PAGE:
A.‐H. Cavusoglu, X. Chen, O. Sahin
Columbia University, United States
pp. 215 - 217
Keywords: water, alternative energy, stimuli-responsive materials, hydrology, environment, computational modeling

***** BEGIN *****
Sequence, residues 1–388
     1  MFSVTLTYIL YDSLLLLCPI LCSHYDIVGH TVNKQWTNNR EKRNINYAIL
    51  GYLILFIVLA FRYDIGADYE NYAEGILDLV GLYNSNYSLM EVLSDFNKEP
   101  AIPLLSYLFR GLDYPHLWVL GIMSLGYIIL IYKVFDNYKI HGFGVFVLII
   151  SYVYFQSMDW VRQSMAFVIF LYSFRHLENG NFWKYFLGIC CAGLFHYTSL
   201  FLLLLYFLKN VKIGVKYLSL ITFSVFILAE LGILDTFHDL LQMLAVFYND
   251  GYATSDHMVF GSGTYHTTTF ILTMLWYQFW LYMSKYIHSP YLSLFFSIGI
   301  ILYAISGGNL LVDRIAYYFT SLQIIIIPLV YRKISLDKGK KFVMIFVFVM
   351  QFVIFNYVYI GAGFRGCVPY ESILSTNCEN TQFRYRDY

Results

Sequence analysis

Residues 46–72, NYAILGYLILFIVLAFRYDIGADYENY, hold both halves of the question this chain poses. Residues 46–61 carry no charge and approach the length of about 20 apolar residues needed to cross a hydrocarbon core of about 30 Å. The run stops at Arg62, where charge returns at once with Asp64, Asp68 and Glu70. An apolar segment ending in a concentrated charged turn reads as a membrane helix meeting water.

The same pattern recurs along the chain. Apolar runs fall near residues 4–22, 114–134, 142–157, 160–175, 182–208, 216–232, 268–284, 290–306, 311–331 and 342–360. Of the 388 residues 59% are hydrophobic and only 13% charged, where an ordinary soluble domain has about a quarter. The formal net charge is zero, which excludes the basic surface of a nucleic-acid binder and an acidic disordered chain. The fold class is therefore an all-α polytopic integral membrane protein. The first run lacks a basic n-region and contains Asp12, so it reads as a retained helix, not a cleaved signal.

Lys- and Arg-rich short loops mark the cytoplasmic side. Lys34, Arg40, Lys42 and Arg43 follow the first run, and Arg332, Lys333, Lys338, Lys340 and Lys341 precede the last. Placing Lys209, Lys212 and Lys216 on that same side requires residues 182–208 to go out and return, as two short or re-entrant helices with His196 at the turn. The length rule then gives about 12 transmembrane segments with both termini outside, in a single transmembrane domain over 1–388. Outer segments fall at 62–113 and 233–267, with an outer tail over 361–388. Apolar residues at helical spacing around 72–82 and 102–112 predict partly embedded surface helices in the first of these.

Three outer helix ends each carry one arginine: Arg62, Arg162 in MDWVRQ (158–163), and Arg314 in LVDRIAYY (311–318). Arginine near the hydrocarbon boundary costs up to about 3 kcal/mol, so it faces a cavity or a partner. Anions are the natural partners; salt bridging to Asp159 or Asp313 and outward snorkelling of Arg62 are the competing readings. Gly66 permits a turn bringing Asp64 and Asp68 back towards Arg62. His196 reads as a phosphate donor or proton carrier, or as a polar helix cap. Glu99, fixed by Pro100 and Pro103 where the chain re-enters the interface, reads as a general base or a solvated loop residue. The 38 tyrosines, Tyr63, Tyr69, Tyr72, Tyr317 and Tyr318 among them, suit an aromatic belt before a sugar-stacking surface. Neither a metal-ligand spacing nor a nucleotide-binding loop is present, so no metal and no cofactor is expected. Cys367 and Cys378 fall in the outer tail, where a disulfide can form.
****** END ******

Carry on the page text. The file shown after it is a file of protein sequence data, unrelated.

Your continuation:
Water-responsive materials swell and shrink in response to changes in relative humidity (RH) and can be potentially used to harvest energy from evaporating water. Here, we investigated the potential of harvesting energy from naturally evaporating water due to typical weather conditions across the United States. We modeled the power output, the effect on evaporation rate, and the intermittency of the power output. We first performed steady state calculations over a range of 218 locations across the United States and determined the average energy flux and net water savings due to a reduction in evaporation rates. We then used a non-steady state mass and energy balance approach on three test locations of South-East NY, Western TX, and South-East CA to determine daily and yearly variations in power output. Our calculations show that this system can deliver power densities surpassing wind power and comparable to current installed solar systems. These results suggest that further research into water-responsive materials and devices can provide major benefits in developing a novel renewable energy platform.